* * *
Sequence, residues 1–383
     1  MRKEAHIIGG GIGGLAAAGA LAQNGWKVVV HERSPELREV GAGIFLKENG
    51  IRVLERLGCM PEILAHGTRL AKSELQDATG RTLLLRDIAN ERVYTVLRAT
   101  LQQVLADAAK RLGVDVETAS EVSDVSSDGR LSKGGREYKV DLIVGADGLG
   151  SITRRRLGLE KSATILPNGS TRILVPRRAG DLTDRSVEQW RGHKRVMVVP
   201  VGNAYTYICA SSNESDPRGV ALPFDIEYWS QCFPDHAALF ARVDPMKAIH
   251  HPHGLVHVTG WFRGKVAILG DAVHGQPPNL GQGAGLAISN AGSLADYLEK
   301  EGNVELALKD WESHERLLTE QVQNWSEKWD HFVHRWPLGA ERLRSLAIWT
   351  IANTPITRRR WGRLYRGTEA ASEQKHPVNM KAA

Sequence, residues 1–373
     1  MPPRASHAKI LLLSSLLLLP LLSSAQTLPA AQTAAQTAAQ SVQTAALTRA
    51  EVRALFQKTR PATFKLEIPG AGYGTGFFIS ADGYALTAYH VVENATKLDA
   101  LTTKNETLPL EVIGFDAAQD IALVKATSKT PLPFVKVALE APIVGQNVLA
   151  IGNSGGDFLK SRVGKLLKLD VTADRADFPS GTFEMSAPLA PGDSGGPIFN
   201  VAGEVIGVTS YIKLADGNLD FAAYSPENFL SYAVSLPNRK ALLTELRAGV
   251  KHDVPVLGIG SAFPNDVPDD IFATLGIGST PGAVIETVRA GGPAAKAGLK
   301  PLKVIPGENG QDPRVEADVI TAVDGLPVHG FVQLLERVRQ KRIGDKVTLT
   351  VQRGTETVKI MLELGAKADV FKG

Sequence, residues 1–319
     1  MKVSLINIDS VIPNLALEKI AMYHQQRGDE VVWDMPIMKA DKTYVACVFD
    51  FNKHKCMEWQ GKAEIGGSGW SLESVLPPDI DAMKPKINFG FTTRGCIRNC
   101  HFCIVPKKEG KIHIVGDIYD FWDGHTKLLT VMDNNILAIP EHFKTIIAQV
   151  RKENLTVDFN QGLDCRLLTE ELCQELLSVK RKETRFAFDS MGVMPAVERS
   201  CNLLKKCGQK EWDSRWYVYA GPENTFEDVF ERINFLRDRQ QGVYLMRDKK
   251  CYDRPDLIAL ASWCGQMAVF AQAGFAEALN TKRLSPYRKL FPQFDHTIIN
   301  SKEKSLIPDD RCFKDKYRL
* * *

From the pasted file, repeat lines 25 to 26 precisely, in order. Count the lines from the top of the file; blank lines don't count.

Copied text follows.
   251  CYDRPDLIAL ASWCGQMAVF AQAGFAEALN TKRLSPYRKL FPQFDHTIIN
   301  SKEKSLIPDD RCFKDKYRL